Despite what many Australians might believe, elephant ivory and rhino horn is sold in Australia.
The International Fund for Animal Welfare (IFAW) recently released their “Under the Hammer” report, exposing how much ivory and rhino horn is being sold through auction rooms.
The report identified that only 2.7 per cent of items inspected at Australian auction rooms had ‘provenance’ documentation which provides the most useful information to determine the origin and legality of an item.
At least three rhinos are brutally slaughtered daily and one elephant is killed every 15 minutes. Last month the South African government released rhino poaching statistics for 2016, reporting 1,054 rhinos has been killed.
A privately funded Great Elephant Census last year reported African elephant populations have declined by 30 per cent in the last seven years.
The Chinese government recently announced it will close its ivory market by the end of this year.
So where does Australia stand?
In September last year the Australian government was asked to enact a total ban on the domestic trade of elephant ivory and rhino horn in a communiqué that was hand delivered to Minister for the Environment and Energy Josh Frydenberg.
Signed by over 50 conservation organisations from around the world, the ban would be a move to ensure Australia commits to playing its role in saving elephants and rhinos from extinction in the wild in the near future.
The communique was presented by Australian NGO founders Donalea Patman (For the Love of Wildlife) and Dr Lynn Johnson (Breaking The Brand) together with Fiona Gordon of New Zealand based environmental firm Gordon Consulting and Rebecca Keeble of IFAW.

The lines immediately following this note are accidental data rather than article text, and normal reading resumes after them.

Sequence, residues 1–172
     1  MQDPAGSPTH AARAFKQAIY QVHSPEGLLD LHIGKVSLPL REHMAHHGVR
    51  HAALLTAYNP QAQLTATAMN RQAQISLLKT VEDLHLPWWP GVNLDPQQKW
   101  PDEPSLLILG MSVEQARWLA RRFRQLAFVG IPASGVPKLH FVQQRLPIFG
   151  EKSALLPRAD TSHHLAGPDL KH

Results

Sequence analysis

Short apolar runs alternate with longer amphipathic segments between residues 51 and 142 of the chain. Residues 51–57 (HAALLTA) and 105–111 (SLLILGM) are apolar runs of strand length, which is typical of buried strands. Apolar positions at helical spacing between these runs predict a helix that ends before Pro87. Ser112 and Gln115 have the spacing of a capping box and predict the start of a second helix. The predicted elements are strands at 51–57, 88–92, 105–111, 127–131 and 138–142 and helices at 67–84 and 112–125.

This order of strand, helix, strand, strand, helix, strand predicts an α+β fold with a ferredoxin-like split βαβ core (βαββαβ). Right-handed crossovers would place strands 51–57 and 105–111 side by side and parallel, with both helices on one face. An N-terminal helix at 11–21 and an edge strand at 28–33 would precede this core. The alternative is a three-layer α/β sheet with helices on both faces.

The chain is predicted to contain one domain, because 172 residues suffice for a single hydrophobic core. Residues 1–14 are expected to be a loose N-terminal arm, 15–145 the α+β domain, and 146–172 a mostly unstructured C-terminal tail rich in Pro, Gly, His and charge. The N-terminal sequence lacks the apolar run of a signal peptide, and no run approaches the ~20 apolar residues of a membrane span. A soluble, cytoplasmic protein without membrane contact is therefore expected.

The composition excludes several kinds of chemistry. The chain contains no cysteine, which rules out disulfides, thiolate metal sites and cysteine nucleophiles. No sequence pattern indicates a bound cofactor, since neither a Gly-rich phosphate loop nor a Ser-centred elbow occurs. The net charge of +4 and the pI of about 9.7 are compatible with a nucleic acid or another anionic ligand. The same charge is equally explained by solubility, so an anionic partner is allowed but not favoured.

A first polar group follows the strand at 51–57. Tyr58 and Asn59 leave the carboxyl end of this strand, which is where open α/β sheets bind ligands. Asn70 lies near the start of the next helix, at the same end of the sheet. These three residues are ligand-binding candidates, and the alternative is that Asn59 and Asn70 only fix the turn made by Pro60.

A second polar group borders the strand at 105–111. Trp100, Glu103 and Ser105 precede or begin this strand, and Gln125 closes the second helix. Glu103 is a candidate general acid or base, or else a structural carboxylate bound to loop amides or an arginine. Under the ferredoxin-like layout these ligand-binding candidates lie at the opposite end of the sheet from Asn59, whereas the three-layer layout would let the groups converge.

Ms Patman has been disappointed with the response from Minister Frydenberg and the apparent confusion about who is responsible for dealing with illegal ivory or rhino horn.
“The response was that Australia is unlikely to be driving the elephant poaching or international illegal trade,” Ms Patman said.
“On top of that, ivory was found for sale in Western Australia in December last year which didn’t have the required documentation (shocking to see that ivory appears in their catalogue again in February).
“It was first reported to the Australian Federal Police who then referred it to state police, who then passed it to border control,” she said.
“There is clearly confusion about who is responsible and a lack of political will to demonstrate leadership on this issue,” she said.
The threat of extinction of these iconic species remains high. In November last year Vietnam hosted the third International Wildlife Trade Conference in Hanoi.
The Duke of Cambridge and President of United for Wildlife, Prince William attended the conference and delivered a speech on tackling illegal wildlife trade. In his speech he stated “A betting man would still bet on extinction”.